The Library and Archives of the Max Kade Institute at the University of Wisconsin-Madison are a resource for those seeking a better understanding of the experiences of German-speaking immigrants to North America and their descendants.
The MKI Library and Archives include rare German-language items written or published in America, ranging from cookbooks and religious works to family records, historical texts, and literature, as well as magazines, pamphlets, photos, and other materials. The Max Kade Institute is dedicated to preserving these documents and serving as a repository for them to ensure that they remain available to scholars and the general public for generations to come. A virtual exhibit of some of our books can be viewed online.
Included in the Max Kade Institute’s holdings are:
- More than 3200 books, pamphlets, and periodicals in the German language published in America, and/or by German-American authors;
- More than 5300 books, articles, and pamphlets dealing with the emigration experiences and the political, cultural, and religious aspects of German, Swiss, and Austrian settlement in North America;
- A collection of more than 400 family histories, diaries, and manuscripts of German-speaking immigrants and descendants;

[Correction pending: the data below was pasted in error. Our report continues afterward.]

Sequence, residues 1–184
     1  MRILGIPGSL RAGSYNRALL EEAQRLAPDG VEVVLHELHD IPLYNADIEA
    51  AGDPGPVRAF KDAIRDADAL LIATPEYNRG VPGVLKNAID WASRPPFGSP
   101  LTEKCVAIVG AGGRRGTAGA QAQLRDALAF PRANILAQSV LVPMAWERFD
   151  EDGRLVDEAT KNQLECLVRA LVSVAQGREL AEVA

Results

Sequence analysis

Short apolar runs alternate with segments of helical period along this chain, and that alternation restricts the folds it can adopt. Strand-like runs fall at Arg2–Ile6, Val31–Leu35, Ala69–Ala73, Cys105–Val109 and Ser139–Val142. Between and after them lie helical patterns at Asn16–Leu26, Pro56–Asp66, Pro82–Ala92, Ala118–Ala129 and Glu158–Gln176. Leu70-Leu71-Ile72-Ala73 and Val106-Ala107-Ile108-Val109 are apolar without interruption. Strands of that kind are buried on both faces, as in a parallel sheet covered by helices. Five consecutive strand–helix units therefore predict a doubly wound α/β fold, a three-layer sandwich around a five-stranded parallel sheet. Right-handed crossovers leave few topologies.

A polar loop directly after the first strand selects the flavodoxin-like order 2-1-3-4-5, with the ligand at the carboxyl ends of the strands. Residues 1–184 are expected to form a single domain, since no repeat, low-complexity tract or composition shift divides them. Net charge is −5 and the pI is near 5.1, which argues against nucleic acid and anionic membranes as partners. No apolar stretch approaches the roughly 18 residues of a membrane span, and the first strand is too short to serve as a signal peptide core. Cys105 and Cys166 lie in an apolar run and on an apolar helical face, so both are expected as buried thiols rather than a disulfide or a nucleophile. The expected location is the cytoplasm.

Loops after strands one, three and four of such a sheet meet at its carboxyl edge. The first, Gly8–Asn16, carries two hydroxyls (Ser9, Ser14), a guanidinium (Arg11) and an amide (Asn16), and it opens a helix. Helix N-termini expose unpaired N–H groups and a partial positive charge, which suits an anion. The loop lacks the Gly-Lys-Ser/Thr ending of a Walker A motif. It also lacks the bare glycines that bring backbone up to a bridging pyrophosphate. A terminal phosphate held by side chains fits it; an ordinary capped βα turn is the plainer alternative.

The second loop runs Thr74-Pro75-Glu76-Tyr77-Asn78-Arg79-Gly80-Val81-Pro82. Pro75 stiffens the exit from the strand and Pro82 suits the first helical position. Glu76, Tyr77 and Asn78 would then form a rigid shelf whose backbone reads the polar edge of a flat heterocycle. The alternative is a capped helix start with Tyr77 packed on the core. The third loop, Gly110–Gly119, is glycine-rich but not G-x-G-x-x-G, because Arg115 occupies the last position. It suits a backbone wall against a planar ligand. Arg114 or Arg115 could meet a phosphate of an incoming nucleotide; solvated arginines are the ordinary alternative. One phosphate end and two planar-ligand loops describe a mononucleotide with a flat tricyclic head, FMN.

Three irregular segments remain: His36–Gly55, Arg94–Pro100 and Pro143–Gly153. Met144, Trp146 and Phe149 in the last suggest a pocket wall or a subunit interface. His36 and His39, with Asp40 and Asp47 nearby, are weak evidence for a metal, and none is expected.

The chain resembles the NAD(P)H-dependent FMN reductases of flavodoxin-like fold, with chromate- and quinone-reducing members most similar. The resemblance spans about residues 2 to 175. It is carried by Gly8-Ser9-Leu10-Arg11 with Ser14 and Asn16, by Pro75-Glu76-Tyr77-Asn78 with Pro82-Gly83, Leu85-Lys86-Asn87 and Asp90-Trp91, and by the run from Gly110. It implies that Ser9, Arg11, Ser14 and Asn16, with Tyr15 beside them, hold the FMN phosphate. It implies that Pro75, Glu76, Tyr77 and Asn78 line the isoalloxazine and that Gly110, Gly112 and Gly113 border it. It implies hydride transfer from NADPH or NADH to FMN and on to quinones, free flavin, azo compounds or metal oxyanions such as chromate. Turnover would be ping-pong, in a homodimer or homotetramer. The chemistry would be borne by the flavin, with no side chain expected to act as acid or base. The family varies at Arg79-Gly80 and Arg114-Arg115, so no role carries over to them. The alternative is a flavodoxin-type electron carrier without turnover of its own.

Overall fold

- More than thirty current journals or newsletters on the subject of German-American studies or genealogy.
- The North American German Dialect Archive (NAGDA), which contains several thousand hours of recordings of immigrant dialects from the mid-1940s to the present.
Our collections continue to grow, and we welcome donations of books and other documents. Please check our Donate Materials to the Library page, or contact MKI Librarian and Archivist Kevin Kurdylo.
The Max Kade Institute Library has received significant support from the Max Kade Institute Library Project Campaign, which has been made possible in part by major funding from the Max Kade Foundation, New York and by a major grant from the National Endowment for the Humanities
Any views, findings, conclusions, or recommendations expressed in this Web resource do not necessarily represent those of the National Endowment for the Humanities.